Former President of the United States Lyndon B. Johnson's collection of love letters written to his beloved wife of 39-years "Lady Bird" Johnson will be released to the public for viewing on Thursday, Feb. 14, Valentines Day according to MSN.
The 90 love letters depict nearly a four decade love affair between the LBJ and "Lady Bird," a pure and honest love that many today strive so hard to find.
The correspondence between the 26-year-old future president and the woman the world would come to know as Lady Bird are available for public review for the first time starting Thursday — Valentine's Day — at the LBJ Presidential Library at the University of Texas at Austin.
A few of the love letters were previously released but not the entire collection, which also will be posted online.
Library supervisory archivist, Claudia Anderson stated, "We've had several requests from researchers to release these. It just seemed like a good time to do it."
None of the letters are dated, but merely provide a day of the week. Fortunately for archivists, Taylor saved the envelopes — Johnson didn't — as well as the letters, allowing researchers to assemble what they believe is a chronological order.
Claudia Alta Taylor, the 21-year-old rancher's daughter known to her friends as "Bird," was intrigued but thought Lyndon Johnson's proposal was much too impulsive. Her clearly smitten suitor, however, was persistent.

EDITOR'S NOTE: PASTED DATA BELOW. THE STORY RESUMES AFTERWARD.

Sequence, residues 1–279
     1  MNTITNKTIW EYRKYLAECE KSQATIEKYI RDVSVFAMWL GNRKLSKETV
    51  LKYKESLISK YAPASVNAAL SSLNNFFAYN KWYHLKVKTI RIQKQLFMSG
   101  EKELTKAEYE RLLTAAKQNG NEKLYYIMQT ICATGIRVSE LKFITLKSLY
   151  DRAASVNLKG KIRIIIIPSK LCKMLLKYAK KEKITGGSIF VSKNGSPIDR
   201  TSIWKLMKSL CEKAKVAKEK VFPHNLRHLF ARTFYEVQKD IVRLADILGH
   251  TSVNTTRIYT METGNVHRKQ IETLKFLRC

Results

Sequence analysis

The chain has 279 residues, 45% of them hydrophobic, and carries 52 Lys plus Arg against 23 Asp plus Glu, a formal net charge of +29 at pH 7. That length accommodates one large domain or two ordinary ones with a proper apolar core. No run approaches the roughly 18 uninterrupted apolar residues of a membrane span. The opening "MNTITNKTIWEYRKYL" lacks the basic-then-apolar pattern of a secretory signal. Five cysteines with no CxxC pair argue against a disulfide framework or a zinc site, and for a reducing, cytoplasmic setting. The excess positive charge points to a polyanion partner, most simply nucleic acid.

"It is an important decision," he wrote to her in one of the nearly 90 love letters the pair exchanged during their 10-week courtship in 1934. "It isn't being made in one night ... but your lack of decision hasn't tempered either my affection, devotion or ability to know what I want."
She replied that his proposal and repeated insistence "sort of put me on the spot, didn't it, dear? All I can say, in absolutely honesty, is — I love you, I don't know how everlastingly I love you — so I can't answer you yet."
Anderson said Johnson is "certainly romantic in these letters in that he is wooing her, he's trying to impress her and he makes various arguments why they should get married."
"I would not really call these letters sentimental. He wants a commitment from her. ... His letters express that," Anderson said. "They are fascinating."
She said the letters reflect characteristics that would come to be synonymous with the couple: "His impatience, his passion for helping people; her interest in conservation and nature."But the couple married Nov. 17, 1934, four days after the last letter in the collection, at St. Mark's Episcopal Church in San Antonio.
Johnson dispatched a friend, Dan Quill, who was postmaster in the Alamo city, to get a ring for the ceremony. It came from a Sears store and cost $2.50.
LBJ and Lady Bird retired to their ranch and Austin, and Lyndon Johnson died in 1973. Mrs. Johnson died in 2007 at age 94.
A perfectly romantic love story just in time for Valentines Day. What do you think about LBJ's love letters being released to the public?